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Posted on in Juvenile Offenders

IL defense lawyerThe legal drinking age is 21 in all 50 U.S. states. However, this does not mean that every person waits until they are 21 years old to drink alcohol. Teens and young adults may experiment with alcohol before it is legal. In some cases, the decision to drink leads to significant consequences, including criminal charges.

Possession of Alcohol by a Minor

Many young people find ways to access alcohol even though they are not old enough to buy it legally. They may get an older sibling or friend to purchase the alcohol for them or use a fake ID to buy alcohol from the store. Underage possession of alcohol is a Class A misdemeanor. If convicted, the offender faces driver's license suspension for a minimum of six years, fines, and even jail time.

Illinois Zero Tolerance Policy

The legal blood alcohol content (BAC) limit in Illinois is 0.08 percent. However, Illinois has a zero-tolerance policy for underage drinking. Individuals under the age of 21 are not allowed to drive with any amount of alcohol in their system. Having even just a single drink and then driving can lead to repercussions under Illinois's zero-tolerance laws.


Posted on in Juvenile Offenders

wheaton defense lawyerWhen college students are on their own for the first time, they have opportunities to learn about creative ideas, meet new people, understand different cultures, and, more than likely, experiment with alcohol. If you are a young adult or you have a child leaving for college this fall, it is important to understand the laws in Illinois regarding underage drinking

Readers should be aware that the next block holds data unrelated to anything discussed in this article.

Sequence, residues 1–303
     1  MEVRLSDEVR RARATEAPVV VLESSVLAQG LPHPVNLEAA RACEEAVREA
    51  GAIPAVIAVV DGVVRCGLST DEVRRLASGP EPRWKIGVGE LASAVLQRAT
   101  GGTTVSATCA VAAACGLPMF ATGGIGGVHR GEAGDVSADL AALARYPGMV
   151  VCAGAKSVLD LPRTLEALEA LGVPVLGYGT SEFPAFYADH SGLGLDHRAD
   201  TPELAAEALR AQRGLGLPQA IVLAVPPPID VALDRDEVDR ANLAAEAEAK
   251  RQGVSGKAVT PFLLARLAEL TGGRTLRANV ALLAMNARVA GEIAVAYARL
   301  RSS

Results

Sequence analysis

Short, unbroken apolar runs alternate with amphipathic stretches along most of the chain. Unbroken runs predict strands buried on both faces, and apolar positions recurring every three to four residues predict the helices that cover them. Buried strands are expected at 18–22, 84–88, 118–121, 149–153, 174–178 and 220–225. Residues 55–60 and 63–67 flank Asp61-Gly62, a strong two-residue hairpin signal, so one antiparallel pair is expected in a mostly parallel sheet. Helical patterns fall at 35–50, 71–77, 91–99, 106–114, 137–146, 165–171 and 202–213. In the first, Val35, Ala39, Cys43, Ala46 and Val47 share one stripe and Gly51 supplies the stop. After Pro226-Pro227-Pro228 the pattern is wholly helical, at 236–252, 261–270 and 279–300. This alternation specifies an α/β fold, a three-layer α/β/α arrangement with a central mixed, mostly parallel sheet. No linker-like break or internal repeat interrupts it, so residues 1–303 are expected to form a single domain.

Underage Drinking Charges in Illinois

In Illinois, underage drinking is considered a status offense, meaning the act is against the law because you are not old enough to do it. To buy alcohol, you must be 21 years old. However, state laws prohibiting underage drinking differ for those under the age of 18 and those over the age of 18 but not yet 21. 

Under Illinois state law, here are the circumstances in which you could be charged with underage drinking as a minor:


DuPage County juvenile defense attorneyTeens cannot vote or buy cigarettes, and until they turn 18, they cannot enlist in the armed forces. Yet there are crimes they can commit that will send them into the adult court system. If convicted, they face a future with a criminal record, which drastically reduces their opportunities for housing and employment. In short, their lives forever changed. Could this happen to your teen? If you believe there is even the slightest possible chance that your juvenile offender could face this fate, the following information will help you understand how to proceed.

The History of the Juvenile Justice System in Illinois

At one time, teens as young as 15 could be automatically referred to adult court – and not just in Illinois. Many states were uncertain of how to handle teen offenders, and they reasoned that harsher penalties would keep crime rates down. Unfortunately, no one accounted for recidivism rates, which began to drastically increase among teens who had been tried as adults. Then the studies started to pour in. Many indicated teens, who are still mentally and emotionally developing, would be best served through a rehabilitation program.

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